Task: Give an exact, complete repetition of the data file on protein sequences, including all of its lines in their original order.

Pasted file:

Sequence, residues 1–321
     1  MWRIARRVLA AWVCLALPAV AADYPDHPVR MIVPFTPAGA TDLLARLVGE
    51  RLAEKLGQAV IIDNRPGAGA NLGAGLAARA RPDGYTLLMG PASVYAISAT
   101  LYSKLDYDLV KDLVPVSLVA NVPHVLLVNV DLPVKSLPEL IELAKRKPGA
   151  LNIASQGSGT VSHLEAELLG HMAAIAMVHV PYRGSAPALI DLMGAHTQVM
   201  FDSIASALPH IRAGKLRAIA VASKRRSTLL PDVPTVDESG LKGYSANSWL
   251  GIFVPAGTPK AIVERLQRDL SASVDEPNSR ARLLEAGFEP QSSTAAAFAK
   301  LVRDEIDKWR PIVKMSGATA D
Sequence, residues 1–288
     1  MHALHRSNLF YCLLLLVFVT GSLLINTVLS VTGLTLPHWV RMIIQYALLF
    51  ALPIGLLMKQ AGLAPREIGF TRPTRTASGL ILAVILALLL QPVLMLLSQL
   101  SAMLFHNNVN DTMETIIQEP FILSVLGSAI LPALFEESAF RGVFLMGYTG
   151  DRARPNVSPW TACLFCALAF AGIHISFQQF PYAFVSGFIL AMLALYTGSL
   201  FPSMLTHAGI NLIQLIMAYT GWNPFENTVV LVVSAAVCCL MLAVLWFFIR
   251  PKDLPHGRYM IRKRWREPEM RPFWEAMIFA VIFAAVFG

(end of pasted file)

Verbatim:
Sequence, residues 1–321
     1  MWRIARRVLA AWVCLALPAV AADYPDHPVR MIVPFTPAGA TDLLARLVGE
    51  RLAEKLGQAV IIDNRPGAGA NLGAGLAARA RPDGYTLLMG PASVYAISAT
   101  LYSKLDYDLV KDLVPVSLVA NVPHVLLVNV DLPVKSLPEL IELAKRKPGA
   151  LNIASQGSGT VSHLEAELLG HMAAIAMVHV PYRGSAPALI DLMGAHTQVM
   201  FDSIASALPH IRAGKLRAIA VASKRRSTLL PDVPTVDESG LKGYSANSWL
   251  GIFVPAGTPK AIVERLQRDL SASVDEPNSR ARLLEAGFEP QSSTAAAFAK
   301  LVRDEIDKWR PIVKMSGATA D
Sequence, residues 1–288
     1  MHALHRSNLF YCLLLLVFVT GSLLINTVLS VTGLTLPHWV RMIIQYALLF
    51  ALPIGLLMKQ AGLAPREIGF TRPTRTASGL ILAVILALLL QPVLMLLSQL
   101  SAMLFHNNVN DTMETIIQEP FILSVLGSAI LPALFEESAF RGVFLMGYTG
   151  DRARPNVSPW TACLFCALAF AGIHISFQQF PYAFVSGFIL AMLALYTGSL
   201  FPSMLTHAGI NLIQLIMAYT GWNPFENTVV LVVSAAVCCL MLAVLWFFIR
   251  PKDLPHGRYM IRKRWREPEM RPFWEAMIFA VIFAAVFG